What the Water Gave Me

In honor of a new blog theme, the spring thaws, and the overwhelm that so often comes with the creative process.

“What The Water Gave Me”
Florence and the Machine

Time it took us
To where the water was
That’s what the water gave me
And time goes quicker
Between the two of us
Oh, my love, don’t forsake me
Take what the water gave me

Lay me down
Let the only sound
Be the overflow
Pockets full of stones

Lay me down
Let the only sound
Be the overflow

And oh, poor Atlas
The world’s a beast of a burden
You’ve been holding up a long time
And all this longing
And the ships are left to rust
That’s what the water gave us

So lay me down
Let the only sound
Be the overflow
Pockets full of stones
Lay me down
Let the only sound
Be the overflow

‘Cause they took your loved ones
But returned them in exchange for you
But would you have it any other way?
Would you have it any other way?
You couldn’t have it any other way

‘Cause she’s a cruel mistress
And a bargain must be made
But oh, my love, don’t forget me
When I let the water take me

So lay me down
Let the only sound
Be the over flow
Pockets full of stones

Lay me down
Let the only sound
Be the overflow

So lay me down
Let the only sound
Be the overflow
Pockets full of stones

Lay me down
Let the only sound
Be the overflow

NYC Pilgrimage: Central Park

New York City has always been something of a touchstone for me, so I decided to make a pilgrimage to three spiritually significant spots: St. Patrick’s Cathedral, The Metropolitan Museum of Art, and Central Park. This is the final post in the series.

I had actually intended to avoid the park. Stories of muggers and rapists crowded my brain as I left the museum, enough so that I crossed the street to walk in the perceived safety of 5th Avenue doormen.

Then I heard music. (Fairy music, perhaps?) Thrumming base notes and a pop/rock wail spilled through the trees and over the low stone wall. As I crossed East 66th St., my curiosity finally got the better of me and I followed the road towards the melody.

There is something romantic about the park at night. No longer gas lights, but the glow of the street lamps and strains of music gave the towering trees an otherworldly glow.  These trees, for the most part, like people, or are at least very tolerant of us. They’ve grown up with humans, and their branches bend protectively over the paths.

But there are human ghosts in the park, too, not all of them so happy.

An irregular terrain of swamps and bluffs, punctuated by rocky outcroppings, made the land between Fifth and Eighth avenues and 59th and 106th streets undesirable for private development. Creating the park, however, required displacing roughly 1,600 poor residents, including Irish pig farmers and German gardeners, who lived in shanties on the site. At Eighth Avenue and 82nd Street, Seneca Village had been one of the city’s most stable African-American settlements, with three churches and a school. —Blackmar and Rosenzweig

I stopped and spoke a while with a sycamore, a leopard tree with peeling bark.  Sycamores are the guardians of this place, more so than any other species.  She was gentle, somewhat amused and muzzy as she prepared for the winter. A piece of her bark cracked off and fell at my feet as we spoke, her gift to a traveler far from home.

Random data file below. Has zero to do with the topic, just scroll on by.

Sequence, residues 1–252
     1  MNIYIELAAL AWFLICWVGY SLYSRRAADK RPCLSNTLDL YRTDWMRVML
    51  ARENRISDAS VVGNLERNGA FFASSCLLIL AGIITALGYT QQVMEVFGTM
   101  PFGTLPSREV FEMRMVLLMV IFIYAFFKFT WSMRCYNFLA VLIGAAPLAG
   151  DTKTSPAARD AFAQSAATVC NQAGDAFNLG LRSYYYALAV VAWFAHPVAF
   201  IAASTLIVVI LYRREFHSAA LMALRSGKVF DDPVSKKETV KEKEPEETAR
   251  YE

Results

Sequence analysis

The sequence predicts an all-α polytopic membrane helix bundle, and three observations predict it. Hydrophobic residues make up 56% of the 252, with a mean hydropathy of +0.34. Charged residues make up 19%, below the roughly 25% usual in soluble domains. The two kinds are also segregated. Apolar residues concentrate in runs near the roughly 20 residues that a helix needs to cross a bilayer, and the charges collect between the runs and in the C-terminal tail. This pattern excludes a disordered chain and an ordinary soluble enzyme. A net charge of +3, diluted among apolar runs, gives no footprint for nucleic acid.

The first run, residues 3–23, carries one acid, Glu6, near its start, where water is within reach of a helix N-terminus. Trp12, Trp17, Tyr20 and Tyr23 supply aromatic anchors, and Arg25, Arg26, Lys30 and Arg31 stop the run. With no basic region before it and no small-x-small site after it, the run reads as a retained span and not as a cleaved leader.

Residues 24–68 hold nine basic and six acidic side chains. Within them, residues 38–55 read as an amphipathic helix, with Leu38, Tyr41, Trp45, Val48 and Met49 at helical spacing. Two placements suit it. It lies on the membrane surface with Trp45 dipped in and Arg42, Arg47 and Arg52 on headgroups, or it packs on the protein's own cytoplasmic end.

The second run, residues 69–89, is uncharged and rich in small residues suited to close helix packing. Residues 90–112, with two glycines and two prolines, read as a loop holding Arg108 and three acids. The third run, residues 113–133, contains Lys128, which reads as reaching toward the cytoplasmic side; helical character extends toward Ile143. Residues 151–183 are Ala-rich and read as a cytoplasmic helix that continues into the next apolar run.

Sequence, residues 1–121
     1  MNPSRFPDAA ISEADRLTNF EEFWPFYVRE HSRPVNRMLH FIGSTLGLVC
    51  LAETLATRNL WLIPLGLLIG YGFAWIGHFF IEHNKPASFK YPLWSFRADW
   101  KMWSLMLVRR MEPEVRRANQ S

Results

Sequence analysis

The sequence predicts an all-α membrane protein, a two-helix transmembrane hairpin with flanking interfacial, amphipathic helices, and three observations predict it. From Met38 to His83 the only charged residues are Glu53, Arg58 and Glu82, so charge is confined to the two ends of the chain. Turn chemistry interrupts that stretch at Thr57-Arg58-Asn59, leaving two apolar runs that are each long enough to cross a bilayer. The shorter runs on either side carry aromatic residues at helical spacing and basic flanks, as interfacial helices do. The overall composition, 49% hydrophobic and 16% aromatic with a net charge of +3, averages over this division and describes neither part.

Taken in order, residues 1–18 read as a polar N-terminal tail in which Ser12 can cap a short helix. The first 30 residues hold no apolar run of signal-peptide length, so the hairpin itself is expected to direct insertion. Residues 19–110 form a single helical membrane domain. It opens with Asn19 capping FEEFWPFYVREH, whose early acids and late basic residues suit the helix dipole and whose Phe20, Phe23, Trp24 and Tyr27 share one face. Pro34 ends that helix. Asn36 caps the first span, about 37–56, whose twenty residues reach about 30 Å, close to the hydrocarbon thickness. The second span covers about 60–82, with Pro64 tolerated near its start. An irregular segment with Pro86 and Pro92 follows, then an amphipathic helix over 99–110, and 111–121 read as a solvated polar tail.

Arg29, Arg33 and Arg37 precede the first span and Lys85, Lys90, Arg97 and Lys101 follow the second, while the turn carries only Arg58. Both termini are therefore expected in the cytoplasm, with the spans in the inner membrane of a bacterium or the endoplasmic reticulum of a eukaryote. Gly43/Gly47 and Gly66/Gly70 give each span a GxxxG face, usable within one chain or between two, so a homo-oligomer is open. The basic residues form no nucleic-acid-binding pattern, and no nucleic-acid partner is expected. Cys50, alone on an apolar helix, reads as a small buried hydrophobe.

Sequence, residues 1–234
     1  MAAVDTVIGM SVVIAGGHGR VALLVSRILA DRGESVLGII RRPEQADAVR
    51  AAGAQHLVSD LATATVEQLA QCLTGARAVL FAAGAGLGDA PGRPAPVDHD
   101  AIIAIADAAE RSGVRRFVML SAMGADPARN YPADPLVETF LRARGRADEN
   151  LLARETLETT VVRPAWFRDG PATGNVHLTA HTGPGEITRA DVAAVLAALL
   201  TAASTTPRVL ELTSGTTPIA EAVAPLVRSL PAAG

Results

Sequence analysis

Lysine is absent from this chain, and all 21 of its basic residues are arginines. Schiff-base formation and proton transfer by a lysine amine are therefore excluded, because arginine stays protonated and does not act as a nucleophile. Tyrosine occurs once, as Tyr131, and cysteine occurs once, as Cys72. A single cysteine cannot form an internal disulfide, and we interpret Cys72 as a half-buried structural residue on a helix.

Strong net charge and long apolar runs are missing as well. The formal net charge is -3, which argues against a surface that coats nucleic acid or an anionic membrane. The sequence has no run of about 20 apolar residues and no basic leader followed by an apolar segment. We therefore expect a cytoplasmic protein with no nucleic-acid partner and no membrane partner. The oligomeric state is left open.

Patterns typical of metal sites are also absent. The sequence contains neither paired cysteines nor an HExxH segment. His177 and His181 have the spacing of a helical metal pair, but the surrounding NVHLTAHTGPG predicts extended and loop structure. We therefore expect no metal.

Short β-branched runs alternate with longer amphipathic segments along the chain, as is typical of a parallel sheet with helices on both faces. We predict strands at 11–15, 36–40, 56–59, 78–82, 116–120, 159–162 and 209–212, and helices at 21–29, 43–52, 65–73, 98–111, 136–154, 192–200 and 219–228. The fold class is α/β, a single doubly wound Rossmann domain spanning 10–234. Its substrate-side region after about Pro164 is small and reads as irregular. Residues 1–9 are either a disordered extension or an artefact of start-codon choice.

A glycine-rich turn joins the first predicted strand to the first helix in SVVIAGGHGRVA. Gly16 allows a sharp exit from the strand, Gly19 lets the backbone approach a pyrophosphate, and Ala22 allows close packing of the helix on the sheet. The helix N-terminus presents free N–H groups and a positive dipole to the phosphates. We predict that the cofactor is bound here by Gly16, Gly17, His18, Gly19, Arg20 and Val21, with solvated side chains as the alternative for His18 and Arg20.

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One melody gave way to another as I continued south, from Indie Pop to protesters’ drums. Along Central Park South, I noted a small fountain. City planners it seemed still had some classical education, public water being essential to the designs of so many ancient and medieval cities. The water for NYC, in fact, comes from miles away, through aqueducts in the Catskill Mountains.  Like Rome, 95% of NYC’s water gets there by gravity, rather than having to be pumped into the city.  The fountain was in the shape of a stone trough–perhaps it had watered horses in days gone by.

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I dipped my fingers into the stream, offering a final prayer of thanks as I laved my forehead, lips, and heart. Blessed by tree and water, and by the fire of music, I made my way down through the protesters, and home in the false dawn of a NYC night.

Dark Moon: Saille

Taken by Geaugagrrl during a visit to the Bloedel Reserve, Bainbridge, Washington, 2007.

Taken by Geaugagrrl during a visit to the Bloedel Reserve, Bainbridge, Washington, 2007.

Thus far, Saille, associated with the Willow, seems to be an appropriate symbol for the month.  The new moon was on the 25th, and my divorce was finalized on the 28th.  Willow is a tree of change and healing, and both have been abundant in the past few weeks.

Liz and Collin Murray make a strong connection between Saille and the high regard in which women were held amongst the Celts, noting in particular that they were able to own property.  Two weeks ago, the offer I put on my neighbor’s house was accepted.  Having the mortgage process well under way this month would be auspicious indeed!

I have been having some trouble in my relationship with Water, however, so I will seek Willow’s help to let my emotions flow freely so that they do not become stagnant or run the risk of breaking the dam, as it were.  Willow bends where the Oak stands strong.  This, too, is an important thing for me to remember, reinforcing the lessons of Ngetal (Reed) in April.